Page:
Clifford Ki, Loyola High School 11th grade
“Don’t be a little girl” or on a more “mature level” “Don’t be a p*ssy”; these are all things that are said to boys of this generation. However, if you truly reflect on the true connotations of these words, it is somewhat strange how these are insults to people, more specifically, men, in today’s “modern” society. Being a girl is not a bad thing; it’s something that is uncontrollable like race and sexuality - it does not make a person a lesser being because of this. It’s very similar as in calling someone a p*ssy, but in a sense that it is berating to make a women’s body part into an insult. It seems as though in today’s world, people use these as an insult to others and make it seem that being a girl is a bad thing. This is a problem not only for girls, but also for guys. From a young age, speaking from personal experience, I was taught to not be “girly”. Being “girly” is considered crying, not being athletic, and showing emotions; these are only a few out of the many stereotypes that exist today. Even though these are all really bad stigmas to have, the last of these three prove to be one of the most detrimental to a person’s well-being.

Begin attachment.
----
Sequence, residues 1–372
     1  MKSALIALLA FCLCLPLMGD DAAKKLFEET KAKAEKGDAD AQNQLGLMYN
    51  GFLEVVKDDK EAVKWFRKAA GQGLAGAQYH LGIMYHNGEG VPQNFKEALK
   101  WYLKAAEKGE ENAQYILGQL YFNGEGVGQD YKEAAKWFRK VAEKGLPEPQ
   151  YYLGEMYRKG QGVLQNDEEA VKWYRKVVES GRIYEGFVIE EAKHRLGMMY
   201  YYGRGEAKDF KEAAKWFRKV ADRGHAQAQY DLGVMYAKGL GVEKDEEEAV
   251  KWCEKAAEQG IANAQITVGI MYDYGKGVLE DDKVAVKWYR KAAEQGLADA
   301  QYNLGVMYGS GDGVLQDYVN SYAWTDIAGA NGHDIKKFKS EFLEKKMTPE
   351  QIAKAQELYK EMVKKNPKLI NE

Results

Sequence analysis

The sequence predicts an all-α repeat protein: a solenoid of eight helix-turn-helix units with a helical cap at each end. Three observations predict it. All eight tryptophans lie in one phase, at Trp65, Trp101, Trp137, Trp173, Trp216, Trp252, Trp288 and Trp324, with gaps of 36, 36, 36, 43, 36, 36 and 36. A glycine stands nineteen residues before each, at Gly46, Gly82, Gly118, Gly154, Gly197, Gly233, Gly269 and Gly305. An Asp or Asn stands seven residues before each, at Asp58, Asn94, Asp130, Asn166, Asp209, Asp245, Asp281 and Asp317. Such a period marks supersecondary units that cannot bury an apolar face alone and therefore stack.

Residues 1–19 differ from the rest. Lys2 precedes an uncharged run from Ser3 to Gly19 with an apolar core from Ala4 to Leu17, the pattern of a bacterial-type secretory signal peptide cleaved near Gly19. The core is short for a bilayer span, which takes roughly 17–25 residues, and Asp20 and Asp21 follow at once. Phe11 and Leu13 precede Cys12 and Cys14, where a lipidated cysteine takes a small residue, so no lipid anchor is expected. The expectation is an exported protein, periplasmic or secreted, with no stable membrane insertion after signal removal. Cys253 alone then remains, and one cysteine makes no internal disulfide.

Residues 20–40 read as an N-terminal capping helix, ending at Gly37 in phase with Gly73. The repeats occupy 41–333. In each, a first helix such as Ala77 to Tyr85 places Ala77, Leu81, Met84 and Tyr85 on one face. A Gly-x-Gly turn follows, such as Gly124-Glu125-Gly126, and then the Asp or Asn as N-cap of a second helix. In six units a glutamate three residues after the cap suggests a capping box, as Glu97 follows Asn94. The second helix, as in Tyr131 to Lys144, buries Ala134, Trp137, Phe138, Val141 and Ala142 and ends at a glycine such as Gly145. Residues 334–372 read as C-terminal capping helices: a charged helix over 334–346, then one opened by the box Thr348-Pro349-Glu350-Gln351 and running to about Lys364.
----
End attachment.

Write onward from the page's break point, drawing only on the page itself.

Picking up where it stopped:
In a time and age when mental health is being uncovered and the stigmas on mental illnesses are being eradicated one by one, it is ironic to see that boys are still told not be show emotions. All people should be able to show their emotions regardless of gender. Society as a whole tries to shroud this phenomenon and makes it seem as though it is not a problem; it not only becomes very harmful to society, but it also causes even more problems regarding mental health. The male suicide rate is the highest for completed suicide in the U.S. Even though there are many other contributing factors in why this is the fact - for an example, men are more likely to use more “aggressive” means of completing suicide like using a gun - there is still an unavoidable factor of how men are told from a young age to not show that they are weak and need help.
<Clifford Ki, Loyola High School 11th grade